In California, H. coagulata is an efficient vector of X. fastidiosa to grapevine, almond, and oleander. In southeastern USA, H. coagulata is considered as the most efficient vector of peach phony and plum leaf scald. The strain of X. fastidiosa causing citrus variegated chlorosis does not occur in California. While H. coagulata is not positively mentioned as a vector of this strain, it occurs abundantly on citrus and seems likely to facilitate spread of the citrus disease if it were ever introduced into California. Following the establishment of H. coagulata in California, an outbreak of grapevine Pierce's disease occurred in the Temecula Valley of Southern California. The outbreak started in 1997. In 1998, symptoms were visible in a few localized areas but when tests were done they revealed a disease incidence of 25% to 97% in vineyards. It is estimated that during the last 3 growing seasons, the disease has killed more than 120 ha of vineyards in the Temecula Valley and that it threatens the whole Californian grapevine industry. Phytosanitary measures are being taken in California to prevent the spread of H. coagulata.
Pathway: H. coagulata could be introduced via its many host plants into the EPPO region. Plants for plantings, cut flowers and branches, fruits?
Possible risks: X. fastidiosa does not occurs in Europe but it represents a very serious threat essentially to grapevine and citrus crops, but also to other host plants such as deciduous forest and amenity trees and oleander. Measures are already taken to present the entry of X. fastidiosa but it is also very important to prevent the entry of efficient vectors such as H. coagulata.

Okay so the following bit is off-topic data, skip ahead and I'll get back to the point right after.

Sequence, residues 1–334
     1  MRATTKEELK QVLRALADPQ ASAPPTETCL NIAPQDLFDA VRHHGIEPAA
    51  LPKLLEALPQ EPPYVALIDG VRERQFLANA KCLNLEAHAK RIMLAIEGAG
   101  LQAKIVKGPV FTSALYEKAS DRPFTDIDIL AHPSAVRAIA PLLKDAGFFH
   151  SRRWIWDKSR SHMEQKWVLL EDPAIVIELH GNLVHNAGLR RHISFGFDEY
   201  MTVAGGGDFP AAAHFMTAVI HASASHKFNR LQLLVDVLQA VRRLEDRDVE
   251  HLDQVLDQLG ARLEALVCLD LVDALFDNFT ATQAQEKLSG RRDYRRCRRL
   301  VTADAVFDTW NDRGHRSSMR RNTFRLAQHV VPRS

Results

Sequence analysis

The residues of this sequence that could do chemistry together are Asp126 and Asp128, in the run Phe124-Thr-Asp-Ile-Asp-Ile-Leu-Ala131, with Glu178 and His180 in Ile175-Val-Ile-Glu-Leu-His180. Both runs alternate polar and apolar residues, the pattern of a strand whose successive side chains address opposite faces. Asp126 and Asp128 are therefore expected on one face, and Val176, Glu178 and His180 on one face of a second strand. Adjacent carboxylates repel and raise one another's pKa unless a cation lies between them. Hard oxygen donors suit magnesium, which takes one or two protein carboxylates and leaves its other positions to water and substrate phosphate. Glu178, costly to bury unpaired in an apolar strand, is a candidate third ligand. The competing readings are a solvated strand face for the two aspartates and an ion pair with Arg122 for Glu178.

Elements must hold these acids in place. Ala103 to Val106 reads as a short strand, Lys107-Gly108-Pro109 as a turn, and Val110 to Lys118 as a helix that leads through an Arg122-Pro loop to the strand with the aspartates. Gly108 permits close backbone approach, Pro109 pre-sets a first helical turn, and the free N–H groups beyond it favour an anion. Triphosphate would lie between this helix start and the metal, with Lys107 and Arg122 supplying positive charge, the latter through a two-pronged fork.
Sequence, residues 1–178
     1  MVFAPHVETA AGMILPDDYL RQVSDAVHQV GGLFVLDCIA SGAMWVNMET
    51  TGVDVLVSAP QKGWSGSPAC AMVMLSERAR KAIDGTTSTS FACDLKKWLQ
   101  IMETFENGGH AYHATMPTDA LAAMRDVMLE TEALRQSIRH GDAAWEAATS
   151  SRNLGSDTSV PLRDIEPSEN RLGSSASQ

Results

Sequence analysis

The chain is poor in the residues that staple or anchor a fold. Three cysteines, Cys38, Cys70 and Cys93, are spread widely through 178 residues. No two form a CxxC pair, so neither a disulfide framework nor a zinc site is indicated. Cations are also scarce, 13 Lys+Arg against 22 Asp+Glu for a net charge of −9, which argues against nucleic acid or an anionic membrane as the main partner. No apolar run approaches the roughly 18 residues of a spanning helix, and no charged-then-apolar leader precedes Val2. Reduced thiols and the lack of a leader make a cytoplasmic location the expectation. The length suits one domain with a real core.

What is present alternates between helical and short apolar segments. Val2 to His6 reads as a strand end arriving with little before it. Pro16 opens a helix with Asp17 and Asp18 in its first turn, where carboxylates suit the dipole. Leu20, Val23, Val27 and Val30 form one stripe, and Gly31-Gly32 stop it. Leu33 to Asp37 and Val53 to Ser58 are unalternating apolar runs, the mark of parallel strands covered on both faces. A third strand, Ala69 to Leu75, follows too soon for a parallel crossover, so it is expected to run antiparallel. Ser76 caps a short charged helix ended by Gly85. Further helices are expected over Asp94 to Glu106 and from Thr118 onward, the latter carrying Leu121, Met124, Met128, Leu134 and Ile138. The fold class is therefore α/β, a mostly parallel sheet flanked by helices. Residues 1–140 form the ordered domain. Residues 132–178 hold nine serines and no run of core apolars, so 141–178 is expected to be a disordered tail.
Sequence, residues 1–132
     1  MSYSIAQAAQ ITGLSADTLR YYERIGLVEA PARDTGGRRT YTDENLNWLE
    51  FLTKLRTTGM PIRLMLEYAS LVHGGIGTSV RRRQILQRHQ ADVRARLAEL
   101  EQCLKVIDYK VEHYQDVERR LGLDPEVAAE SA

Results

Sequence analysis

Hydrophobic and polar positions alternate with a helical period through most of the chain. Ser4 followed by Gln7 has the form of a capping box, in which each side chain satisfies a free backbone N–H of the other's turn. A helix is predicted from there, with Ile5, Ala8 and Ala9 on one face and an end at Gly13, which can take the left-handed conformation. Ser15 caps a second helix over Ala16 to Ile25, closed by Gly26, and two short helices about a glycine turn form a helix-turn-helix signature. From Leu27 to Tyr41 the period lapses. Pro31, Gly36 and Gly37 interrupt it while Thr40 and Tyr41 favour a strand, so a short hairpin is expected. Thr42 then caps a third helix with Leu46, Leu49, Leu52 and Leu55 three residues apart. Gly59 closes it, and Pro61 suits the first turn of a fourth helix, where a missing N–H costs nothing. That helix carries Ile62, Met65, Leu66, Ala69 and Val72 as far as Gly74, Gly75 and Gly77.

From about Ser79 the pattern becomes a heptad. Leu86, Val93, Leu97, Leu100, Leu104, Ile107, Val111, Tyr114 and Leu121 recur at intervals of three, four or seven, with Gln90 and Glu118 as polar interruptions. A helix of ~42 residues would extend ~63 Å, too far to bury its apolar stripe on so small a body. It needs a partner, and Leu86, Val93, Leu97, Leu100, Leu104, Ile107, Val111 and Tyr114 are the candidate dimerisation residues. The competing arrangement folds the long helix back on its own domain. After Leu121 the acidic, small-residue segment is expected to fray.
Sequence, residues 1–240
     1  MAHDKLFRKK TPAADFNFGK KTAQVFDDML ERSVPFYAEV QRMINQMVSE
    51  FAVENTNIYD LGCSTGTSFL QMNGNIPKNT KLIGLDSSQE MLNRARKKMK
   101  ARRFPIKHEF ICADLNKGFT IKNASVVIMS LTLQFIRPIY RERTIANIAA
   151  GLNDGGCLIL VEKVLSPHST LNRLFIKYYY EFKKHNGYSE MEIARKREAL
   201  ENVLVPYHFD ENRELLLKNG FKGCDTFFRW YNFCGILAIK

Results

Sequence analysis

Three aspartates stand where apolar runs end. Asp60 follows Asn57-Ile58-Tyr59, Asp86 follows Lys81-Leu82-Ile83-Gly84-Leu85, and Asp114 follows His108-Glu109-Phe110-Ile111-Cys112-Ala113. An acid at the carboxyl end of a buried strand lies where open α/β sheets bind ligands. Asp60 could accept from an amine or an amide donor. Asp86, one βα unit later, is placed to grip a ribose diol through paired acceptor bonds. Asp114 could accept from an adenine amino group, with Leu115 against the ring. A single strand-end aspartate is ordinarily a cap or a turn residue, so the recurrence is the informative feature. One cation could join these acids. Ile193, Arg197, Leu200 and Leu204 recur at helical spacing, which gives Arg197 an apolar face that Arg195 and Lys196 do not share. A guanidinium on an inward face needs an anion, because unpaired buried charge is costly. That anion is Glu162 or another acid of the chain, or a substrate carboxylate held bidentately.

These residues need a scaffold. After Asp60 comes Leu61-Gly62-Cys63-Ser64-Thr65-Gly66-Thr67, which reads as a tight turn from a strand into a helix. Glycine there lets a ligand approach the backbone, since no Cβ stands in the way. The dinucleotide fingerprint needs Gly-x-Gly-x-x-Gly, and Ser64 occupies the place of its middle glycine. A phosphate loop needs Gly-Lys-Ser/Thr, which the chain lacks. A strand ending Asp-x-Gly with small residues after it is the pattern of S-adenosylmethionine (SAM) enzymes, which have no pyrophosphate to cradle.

EPPO RS 2002/013
Panel review date - Entry date 2002-01
Blua, M.J.; Redak, R.A.; Morgan, J.W.; Costa, H.S. (2001) Seasonal flight activity of two Homalodisca species (Homoptera: Cicadellidae) that spread Xylella fastidiosa in Southern California. Journal of Economic Entomology, 94(6), 1506-1510.
Gould, A.B.; French, W.J.; Aldrich, J.H.; Brodbeck, B.V.; Mizell, R.F. III; Andersen, P.C. (1991) Rootstock influence on occurrence of Homalodisca coagulata, peach xylem fluid amino acids, and concentrations of Xylella fastidiosa. Plant Disease, 75(8), 767-770.
Purcell, A.H.; Saunders, S.R. (1999) Glassy-winged sharpshooters expected to increase plant disease. California Agriculture, 53(2), 26-27 (abst.).
Purcell, A.H.; Saunders, S.R.; Hendson, M. Grebus, M.E.; Henry M.J. (1999) Causal role of Xylella fastidiosa in oleander leaf scorch disease. Phytopathology, 89(1), 53-58.
Xylella Web Site. http://www.cnr.berkeley.edu/xylella/
California Department of Food and Agriculture.
Pierce disease control programme and list of host plants of H. coagulata. http://pi.cdfa.ca.gov/pqm/manual/454.htm
GWSS/PD Home page. http://plant.cdfa.ca.gov/gwss/gwpics.htm
University of California. Agriculture and Natural Resources. Report of the Pierce's Disease research and emergency response task force. http://danr.ucop.edu/news/speeches/glassywinged.html
California Farm Bureau Federation. Glassy-winged sharpshooter news and information service. http://www.cfbf.com/issues/gwss/